To: IAHF List
Date: 13 Oct 2004 23:50:01 -0000

IAHF Webmaster: Breaking News, Whats New, What to Do, USA, All Countries

IAHF List: Many thanks for the heads up on this article to Josef Hasslberger from La Leva di Archimede , an Italian health freedom organization allied with IAHF.

As you can see from the article [below my comments], some huge pharmaceutical big guns are being trained on the American Dietary Supplement Health and Education Act. We must be vigilant to bills intended to scuttle DSHEA coming at us in the next Congress.

It is not at all surprising that the Cartel would attempt an attack such as this on US soil concurrently to their International Assault via CODEX and the EU FSD.

The price of freedom is eternal vigilance. Please mass forward this so more people will be aware of it.


For now, we must be vigilant to see if the Cartel introduces any legislation, but while waiting, we MUST take action against CODEX via the EMERGENCY SECTION at and PLEASE donate to IAHF via 556 Boundary Bay Rd. Point Roberts WA 98281 or via paypal at to help us get one more key person to the Codex meeting in Bonn on November 1 and also to get Candace and I to the Emergency Anti Codex Mtg in San Diego on November 19th.

Please urge more people to sign up for the IAHF distribution list at and urge them to get the Emergency Section materials in to every health food store in their area and to more vitamin companies. Please fully grasp that the supplement industry is being led to the cliff from within, so we MUST engage in this grass roots effort!!!

Original article is here:

From American Journal of Health-System Pharmacy

ASHP Statement on the Use of Dietary Supplements
Posted 09/20/2004


The American Society of Health-System Pharmacists (ASHP) believes that the widespread, indiscriminate use of dietary supplements presents substantial risks to public health and that pharmacists have an opportunity and a professional responsibility to reduce those risks. ASHP recognizes that patients may choose to use legally available dietary supplements, but believes that the decision to use substances that may be pharmacologically active should always be based on reliable information about their safety and efficacy. The current regulatory framework governing dietary supplements does not provide consumers or health care providers with sufficient information on safety and efficacy to make informed decisions. Furthermore, standards for product quality are currently inadequate. ASHP recognizes the concerns raised by the dietary supplement industry regarding regulating dietary supplements as nonprescription drugs because of the industry´s inability to patent product ingredients. Still, ASHP urges Congress to amend the Dietary Supplement Health and Education Act of 1994 (DSHEA) to require that the Food and Drug Administration (FDA) develop a regulatory scheme to ensure that dietary supplements are safe and effective. ASHP believes that dietary supplements, at a minimum, should (1) receive FDA approval for evidence of safety and efficacy, (2) meet manufacturing standards for identity, strength, quality, purity, packaging, and labeling, and (3) undergo mandatory postmarketing reporting of adverse events, including drug interactions.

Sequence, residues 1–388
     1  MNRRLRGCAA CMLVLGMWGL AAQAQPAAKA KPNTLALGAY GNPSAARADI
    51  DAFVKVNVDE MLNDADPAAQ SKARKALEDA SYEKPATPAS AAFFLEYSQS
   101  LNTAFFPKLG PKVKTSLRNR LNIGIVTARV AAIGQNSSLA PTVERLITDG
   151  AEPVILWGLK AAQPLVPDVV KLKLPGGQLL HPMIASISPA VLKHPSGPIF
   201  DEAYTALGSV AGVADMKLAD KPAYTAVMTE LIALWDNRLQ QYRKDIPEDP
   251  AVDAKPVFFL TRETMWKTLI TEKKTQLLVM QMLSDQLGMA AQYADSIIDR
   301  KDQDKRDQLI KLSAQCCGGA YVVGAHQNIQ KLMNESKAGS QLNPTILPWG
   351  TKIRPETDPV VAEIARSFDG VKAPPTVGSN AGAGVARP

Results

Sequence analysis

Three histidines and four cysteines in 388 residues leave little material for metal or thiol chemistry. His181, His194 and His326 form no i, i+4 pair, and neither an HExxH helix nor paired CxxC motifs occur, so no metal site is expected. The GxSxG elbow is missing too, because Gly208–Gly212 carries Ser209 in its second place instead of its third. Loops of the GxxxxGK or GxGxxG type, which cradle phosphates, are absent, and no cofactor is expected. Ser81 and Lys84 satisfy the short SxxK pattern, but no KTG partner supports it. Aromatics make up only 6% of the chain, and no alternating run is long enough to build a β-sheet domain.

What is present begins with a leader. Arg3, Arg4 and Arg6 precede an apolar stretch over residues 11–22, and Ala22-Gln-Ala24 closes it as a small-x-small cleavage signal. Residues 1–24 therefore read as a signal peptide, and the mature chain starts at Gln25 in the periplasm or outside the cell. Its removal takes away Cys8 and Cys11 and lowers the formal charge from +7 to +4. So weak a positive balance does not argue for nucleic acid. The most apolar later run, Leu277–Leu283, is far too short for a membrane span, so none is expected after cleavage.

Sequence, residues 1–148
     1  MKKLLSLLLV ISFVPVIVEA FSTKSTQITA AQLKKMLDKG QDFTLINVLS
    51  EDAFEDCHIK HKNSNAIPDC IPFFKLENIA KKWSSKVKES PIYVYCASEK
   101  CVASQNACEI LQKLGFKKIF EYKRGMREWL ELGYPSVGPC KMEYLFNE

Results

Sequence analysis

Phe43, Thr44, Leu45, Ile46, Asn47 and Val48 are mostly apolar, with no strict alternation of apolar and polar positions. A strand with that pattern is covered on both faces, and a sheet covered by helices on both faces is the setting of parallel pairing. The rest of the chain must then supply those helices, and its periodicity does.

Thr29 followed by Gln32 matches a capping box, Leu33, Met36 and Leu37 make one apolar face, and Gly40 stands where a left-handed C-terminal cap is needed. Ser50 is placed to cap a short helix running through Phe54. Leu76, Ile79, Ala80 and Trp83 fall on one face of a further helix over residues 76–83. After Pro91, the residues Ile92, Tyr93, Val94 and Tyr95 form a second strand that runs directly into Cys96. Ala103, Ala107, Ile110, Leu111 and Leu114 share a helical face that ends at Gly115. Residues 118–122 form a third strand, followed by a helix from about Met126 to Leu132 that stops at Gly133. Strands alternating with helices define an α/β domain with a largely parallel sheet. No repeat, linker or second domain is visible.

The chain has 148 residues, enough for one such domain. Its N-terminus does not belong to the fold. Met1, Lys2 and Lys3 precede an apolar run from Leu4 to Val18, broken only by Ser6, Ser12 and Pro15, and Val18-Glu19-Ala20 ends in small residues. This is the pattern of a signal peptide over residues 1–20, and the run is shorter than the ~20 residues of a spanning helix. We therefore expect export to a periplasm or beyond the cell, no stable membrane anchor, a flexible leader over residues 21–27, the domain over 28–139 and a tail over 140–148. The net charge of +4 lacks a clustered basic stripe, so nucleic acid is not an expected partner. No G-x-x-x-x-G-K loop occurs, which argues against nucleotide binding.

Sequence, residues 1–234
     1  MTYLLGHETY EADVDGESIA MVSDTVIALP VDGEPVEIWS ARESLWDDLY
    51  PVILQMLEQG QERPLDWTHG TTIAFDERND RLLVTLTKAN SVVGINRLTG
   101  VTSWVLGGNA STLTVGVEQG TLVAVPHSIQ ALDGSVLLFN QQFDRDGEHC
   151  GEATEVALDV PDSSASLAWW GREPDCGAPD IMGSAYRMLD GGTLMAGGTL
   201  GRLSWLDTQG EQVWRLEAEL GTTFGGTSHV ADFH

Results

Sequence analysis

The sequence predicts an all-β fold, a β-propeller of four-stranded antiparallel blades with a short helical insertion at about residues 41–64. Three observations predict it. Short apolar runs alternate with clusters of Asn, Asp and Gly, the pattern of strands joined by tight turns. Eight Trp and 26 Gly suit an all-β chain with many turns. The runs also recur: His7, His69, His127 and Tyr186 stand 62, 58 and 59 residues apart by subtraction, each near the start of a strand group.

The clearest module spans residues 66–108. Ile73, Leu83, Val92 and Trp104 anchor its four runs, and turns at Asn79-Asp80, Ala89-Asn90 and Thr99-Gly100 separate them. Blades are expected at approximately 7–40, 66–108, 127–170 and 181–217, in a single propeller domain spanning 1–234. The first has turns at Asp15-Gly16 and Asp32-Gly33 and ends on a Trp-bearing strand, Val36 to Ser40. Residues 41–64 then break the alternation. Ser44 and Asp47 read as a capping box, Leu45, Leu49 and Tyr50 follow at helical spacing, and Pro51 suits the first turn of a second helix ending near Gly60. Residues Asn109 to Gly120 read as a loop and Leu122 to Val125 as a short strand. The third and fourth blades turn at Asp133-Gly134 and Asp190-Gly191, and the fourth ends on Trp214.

ASHP strongly encourages in vitro and clinical studies of interactions between dietary supplements and medications. Because of the demonstrated risk of these interactions, ASHP discourages the concurrent use of dietary supplements and drug therapy, especially those therapies for which failure may have irreversible consequences (e.g., immunosuppressive therapy, cancer chemotherapy, treatment for human immunodeficiency virus infection, anticoagulation therapy, and hormonal contraceptive therapy).

ASHP believes that the criteria used to evaluate dietary supplements for inclusion in health-system formularies should be as rigorous as those established for nonprescription drugs and that the self-administered use of dietary supplements during a health-system stay may increase risks to patients and liabilities to health care professionals and institutions.

ASHP urges pharmacists and other health care practitioners to integrate awareness of dietary supplement use into everyday practice and encourages pharmacists to increase efforts to prevent interactions between dietary supplements and drugs. ASHP also supports the education of pharmacists and other health care practitioners in the taxonomy, formulation, pharmacology, and pharmacokinetics of dietary supplements and believes that such education should be required in college of pharmacy curricula.